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Honeywell gears up for urban mobility frontier
Honeywell gears up for urban mobility frontier
INDUSTRY SPOTLIGHT | 7 OCTOBER 2020
Photo credit: Honeywell
The coronavirus pandemic has cast a shadow over the aerospace industry in 2020, but the boss of Honeywell’s new Urban Air Mobility (UAM) and Unmanned Aerial Systems (UAS) unit says there is still a great deal of action in aerospace’s frontier sector.
In June Honeywell announced that it would set up a one-stop shop to support the development of both UAM and unmanned systems. The Phoenix-based unit ties together the broad range of Honeywell’s capabilities such as avionics, propulsion systems, technology, software and services.
Emphasising the importance Honeywell places on UAS and UAM, the unit’s vice president, Stéphane Fymat, reports directly to the president of Honeywell’s Aerospace division.
Fymat says that prior to the June announcement the various business areas within Honeywell were already “in formation” in regard to UAM. Subsequent to the unit’s establishment, a team has been built up with focus areas such as engineering, programme management, sales, and the business development strategy.
“Urban Air Mobility, cargo UAVs, delivery drones, are cross cutting things,” says Fymat. “It’s not just avionics, it’s not just electric propulsion, it’s not just cooling systems for the batteries. It takes a dedicated focus to create the vision for where this industry is going to go, drive the vision, and work with all the new innovators that are coming up that are may not be traditional aerospace companies.”
To simplify things, Fymat breaks down how Honeywell can assist UAM and UAS developers into two broad areas, which he generalises as avionics and propulsion.
On the avionics side, Honeywell offers vehicle management systems, fly-by-wire technology, electric actuation, sensors, and communications. As for propulsion, Honeywell has experience with electric motors, motor controllers, and the cooling system. Cooling, he says, is critical for battery-powered aircraft, especially during the recharging process.
One milestone this year was the establishment of an avionics lab for UAM and UAS in September. The facility allows for the real world testing of fly-by-wire controls and vehicle avionics in a lab setting.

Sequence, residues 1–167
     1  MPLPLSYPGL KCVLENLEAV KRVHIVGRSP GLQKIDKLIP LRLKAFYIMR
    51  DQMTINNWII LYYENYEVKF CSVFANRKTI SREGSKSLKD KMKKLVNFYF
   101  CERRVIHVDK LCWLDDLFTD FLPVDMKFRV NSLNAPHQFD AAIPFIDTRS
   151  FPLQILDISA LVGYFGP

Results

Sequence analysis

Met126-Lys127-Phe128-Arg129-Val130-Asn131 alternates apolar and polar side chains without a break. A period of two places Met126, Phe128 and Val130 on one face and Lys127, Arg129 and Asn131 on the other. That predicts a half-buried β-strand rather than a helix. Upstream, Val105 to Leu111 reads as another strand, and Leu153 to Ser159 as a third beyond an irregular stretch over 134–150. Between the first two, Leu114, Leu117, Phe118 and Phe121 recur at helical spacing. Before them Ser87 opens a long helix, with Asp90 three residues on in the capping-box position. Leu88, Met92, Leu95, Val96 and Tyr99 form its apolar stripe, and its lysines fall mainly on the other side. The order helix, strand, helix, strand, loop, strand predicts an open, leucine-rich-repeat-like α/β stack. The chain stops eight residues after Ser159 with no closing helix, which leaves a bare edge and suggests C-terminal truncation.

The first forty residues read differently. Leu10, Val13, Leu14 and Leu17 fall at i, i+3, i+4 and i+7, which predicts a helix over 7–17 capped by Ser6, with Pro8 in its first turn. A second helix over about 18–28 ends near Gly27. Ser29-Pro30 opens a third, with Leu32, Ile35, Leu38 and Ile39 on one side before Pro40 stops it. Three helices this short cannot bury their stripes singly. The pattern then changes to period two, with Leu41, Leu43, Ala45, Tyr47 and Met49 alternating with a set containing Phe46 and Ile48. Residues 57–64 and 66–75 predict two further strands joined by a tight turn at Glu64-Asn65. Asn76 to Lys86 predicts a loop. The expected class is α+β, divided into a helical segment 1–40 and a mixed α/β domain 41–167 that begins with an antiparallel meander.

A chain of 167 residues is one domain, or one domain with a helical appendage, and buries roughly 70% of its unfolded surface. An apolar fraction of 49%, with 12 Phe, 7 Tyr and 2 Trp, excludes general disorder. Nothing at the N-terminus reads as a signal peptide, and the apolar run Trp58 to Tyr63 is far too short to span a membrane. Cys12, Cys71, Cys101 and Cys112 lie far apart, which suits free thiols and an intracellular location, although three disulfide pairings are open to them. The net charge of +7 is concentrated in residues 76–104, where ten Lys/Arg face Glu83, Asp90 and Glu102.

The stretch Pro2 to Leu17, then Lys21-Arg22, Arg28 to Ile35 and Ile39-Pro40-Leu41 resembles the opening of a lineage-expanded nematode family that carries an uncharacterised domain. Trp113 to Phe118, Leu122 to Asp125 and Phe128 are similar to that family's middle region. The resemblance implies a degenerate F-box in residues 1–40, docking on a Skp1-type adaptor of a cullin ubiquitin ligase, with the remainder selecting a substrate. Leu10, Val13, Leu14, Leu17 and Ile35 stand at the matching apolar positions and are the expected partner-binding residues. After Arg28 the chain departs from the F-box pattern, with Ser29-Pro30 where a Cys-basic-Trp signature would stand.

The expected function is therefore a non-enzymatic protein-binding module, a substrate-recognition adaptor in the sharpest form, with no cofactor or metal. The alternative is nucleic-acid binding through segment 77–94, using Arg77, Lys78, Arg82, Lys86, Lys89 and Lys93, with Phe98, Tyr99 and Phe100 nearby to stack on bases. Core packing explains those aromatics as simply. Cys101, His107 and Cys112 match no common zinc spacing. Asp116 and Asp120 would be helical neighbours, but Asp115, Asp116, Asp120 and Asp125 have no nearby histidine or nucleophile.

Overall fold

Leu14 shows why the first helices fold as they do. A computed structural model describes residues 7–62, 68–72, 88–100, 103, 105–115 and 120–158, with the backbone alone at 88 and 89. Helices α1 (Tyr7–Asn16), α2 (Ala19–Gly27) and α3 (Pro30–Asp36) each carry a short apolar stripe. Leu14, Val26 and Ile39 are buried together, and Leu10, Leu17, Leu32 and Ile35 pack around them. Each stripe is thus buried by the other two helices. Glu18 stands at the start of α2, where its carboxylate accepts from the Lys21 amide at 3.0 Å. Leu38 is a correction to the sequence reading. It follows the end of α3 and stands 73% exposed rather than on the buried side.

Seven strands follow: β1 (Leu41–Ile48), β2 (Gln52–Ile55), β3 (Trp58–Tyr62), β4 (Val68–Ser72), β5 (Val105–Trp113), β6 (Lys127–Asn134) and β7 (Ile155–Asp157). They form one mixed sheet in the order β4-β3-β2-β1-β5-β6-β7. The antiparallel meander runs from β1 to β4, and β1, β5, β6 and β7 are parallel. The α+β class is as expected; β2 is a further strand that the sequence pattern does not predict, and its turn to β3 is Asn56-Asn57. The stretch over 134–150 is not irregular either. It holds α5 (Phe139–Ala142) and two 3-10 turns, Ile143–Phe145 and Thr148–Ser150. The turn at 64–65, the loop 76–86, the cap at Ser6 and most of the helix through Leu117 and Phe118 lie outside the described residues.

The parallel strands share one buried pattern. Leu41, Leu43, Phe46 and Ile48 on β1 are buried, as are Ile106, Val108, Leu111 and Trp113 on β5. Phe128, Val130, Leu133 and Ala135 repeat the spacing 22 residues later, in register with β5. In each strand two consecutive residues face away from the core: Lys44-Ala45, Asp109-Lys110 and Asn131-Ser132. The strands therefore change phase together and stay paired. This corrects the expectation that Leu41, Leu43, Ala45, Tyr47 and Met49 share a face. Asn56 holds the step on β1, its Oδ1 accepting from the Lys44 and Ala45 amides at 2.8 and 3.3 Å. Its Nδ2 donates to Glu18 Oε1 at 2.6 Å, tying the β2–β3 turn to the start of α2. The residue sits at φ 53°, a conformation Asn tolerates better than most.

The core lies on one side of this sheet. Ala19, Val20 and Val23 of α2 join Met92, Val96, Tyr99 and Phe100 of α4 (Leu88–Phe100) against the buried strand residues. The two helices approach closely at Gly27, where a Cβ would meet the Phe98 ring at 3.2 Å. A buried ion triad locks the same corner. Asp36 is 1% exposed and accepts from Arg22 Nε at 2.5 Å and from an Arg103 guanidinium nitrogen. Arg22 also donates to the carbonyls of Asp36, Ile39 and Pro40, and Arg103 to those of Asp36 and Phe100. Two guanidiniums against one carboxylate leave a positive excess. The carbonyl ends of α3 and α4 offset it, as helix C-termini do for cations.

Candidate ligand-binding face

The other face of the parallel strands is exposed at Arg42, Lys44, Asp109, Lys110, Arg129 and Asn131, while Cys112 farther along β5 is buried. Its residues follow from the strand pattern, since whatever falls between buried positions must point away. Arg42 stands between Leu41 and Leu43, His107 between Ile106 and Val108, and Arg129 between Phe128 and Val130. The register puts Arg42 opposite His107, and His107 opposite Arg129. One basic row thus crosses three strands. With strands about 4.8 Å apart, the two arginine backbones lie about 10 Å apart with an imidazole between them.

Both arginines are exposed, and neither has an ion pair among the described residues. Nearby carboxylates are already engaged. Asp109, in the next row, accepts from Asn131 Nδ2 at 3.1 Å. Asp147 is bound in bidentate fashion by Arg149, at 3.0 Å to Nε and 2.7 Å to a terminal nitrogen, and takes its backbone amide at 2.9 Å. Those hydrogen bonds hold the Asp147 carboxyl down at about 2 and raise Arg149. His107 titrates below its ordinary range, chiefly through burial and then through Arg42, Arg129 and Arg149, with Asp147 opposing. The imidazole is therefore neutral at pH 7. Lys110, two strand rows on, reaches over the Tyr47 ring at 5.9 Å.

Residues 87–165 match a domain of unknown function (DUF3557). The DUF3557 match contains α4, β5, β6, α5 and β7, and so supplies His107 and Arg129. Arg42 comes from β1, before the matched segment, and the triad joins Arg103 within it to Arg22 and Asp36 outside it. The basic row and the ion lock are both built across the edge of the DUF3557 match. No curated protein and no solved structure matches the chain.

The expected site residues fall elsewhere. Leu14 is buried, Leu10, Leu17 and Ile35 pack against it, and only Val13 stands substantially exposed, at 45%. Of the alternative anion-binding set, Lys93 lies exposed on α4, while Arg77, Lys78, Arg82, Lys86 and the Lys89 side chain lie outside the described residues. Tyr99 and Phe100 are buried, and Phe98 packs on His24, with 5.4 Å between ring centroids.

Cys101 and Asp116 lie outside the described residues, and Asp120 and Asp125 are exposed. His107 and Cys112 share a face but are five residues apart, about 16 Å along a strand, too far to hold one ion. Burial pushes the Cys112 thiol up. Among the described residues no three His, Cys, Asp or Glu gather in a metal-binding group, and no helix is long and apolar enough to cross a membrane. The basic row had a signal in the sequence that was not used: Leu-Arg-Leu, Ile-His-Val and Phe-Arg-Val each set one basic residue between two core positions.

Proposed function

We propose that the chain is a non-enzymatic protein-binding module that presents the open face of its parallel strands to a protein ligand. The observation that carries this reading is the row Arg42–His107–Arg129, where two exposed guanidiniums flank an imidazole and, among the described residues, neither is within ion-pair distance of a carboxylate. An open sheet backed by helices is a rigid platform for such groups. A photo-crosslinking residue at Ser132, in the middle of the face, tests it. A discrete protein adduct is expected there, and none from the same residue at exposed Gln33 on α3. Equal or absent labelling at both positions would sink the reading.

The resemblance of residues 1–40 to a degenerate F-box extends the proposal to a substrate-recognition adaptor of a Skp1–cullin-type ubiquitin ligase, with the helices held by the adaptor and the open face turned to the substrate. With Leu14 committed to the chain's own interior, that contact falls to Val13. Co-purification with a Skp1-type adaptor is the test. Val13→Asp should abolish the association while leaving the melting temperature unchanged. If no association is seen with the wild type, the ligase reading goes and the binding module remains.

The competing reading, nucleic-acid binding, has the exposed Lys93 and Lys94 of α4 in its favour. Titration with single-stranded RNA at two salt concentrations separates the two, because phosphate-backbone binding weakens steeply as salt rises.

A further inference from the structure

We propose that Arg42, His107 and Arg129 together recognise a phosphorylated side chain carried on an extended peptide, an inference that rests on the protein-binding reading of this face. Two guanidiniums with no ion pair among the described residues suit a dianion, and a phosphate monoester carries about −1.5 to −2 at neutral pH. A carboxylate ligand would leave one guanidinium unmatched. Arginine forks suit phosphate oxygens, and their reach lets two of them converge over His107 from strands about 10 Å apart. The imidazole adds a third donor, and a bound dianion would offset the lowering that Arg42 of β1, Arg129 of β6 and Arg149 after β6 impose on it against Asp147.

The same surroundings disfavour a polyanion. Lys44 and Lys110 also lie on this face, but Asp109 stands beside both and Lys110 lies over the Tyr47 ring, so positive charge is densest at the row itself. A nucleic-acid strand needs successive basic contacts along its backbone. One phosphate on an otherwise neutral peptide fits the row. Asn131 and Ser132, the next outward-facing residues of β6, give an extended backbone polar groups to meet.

Honeywell’s fly-by-wire technology is already set to be employed in Vertical Aerospace’s developmental VA-1X, an electric vertical take-of-and-landing aircraft that can carry one pilot and four passengers. Honeywell is a strategic partner in the programme, and will also supply the aircraft’s flight deck technology including multi-touch displays, avionics system controls, avionics software and the vehicle operating system.
From Fymat’s perspective, the UAM and UAS spaces have been relatively unfazed by coronavirus. Still, it has wrought some changes. UAM firms that received funding prior to the pandemic are forging ahead strongly, but investors have tightened the purse strings amid the crisis. This has affected some of the newer firms in the business. In addition, the major aerospace players have backed off somewhat.
One area where coronavirus has had a positive impact is with delivery drones. Although the technology is far from widespread, Honeywell observed a significant jump in drone deliveries during the early days of pandemic.
“This has stimulated the idea that autonomous delivery is actually a very COVID-friendly thing to do,” says Fymat.
In the UAM space, Fymat admits that autonomous UAMs could be some time away, but nonetheless expects that the first wave of urban air taxis will enter service in the 2023-2025 timeframe. These, however, will be certificated aircraft with a human pilot.
Eventually, UAMs will require an operator who is not a fully qualified pilot. Subsequent to this, fully automated UAMs controlled from the ground could start entering service. On the other hand, Cargo UAVs will be autonomous from day one. Fymat notes that defence forces have already done extensive work in this field.
In regard to the eventual layout of future UAMs, Fymat sees two clear trends. UAM’s designed to carry two people or a similar weight in cargo within a city are likely to have a series of rotors, similar to a helicopter. UAMs that are travelling longer distances will likely rely on wings, with rotors tilting to allow vertical take-offs and landings.
Winged UAMs will be able to operate between city pairs such as Singapore and Kuala Lumpur. Leisure applications could include UAM flights from New York City to Block Island or Martha’s Vineyard, which can be time consuming to reach. Initially, however, he expects UAM adoption to occur in cities where helicopters already play a critical transport role, such as in Sao Paolo, Brazil.
In regard to regulation, Fymat says governments are trying to find a balance between safety and over-regulation, but that generally they are very engaged with the idea of UAM.
“They are absolutely engaged in this – and that’s great,” he says. “The worst thing you could have is no engagement.”
A greater limitation will be the spaces available for landing. Existing airports and heliports are insufficient for the UAM sector to really flourish. Once regulatory and infrastructure questions are resolved, Fymat believes the sector can really scale up.
“[The new unit] is on a long term mission to make urban air mobility happen,” adds Fymat. “Like anything, if you put your mind to it with a single minded focus…it tends to get done.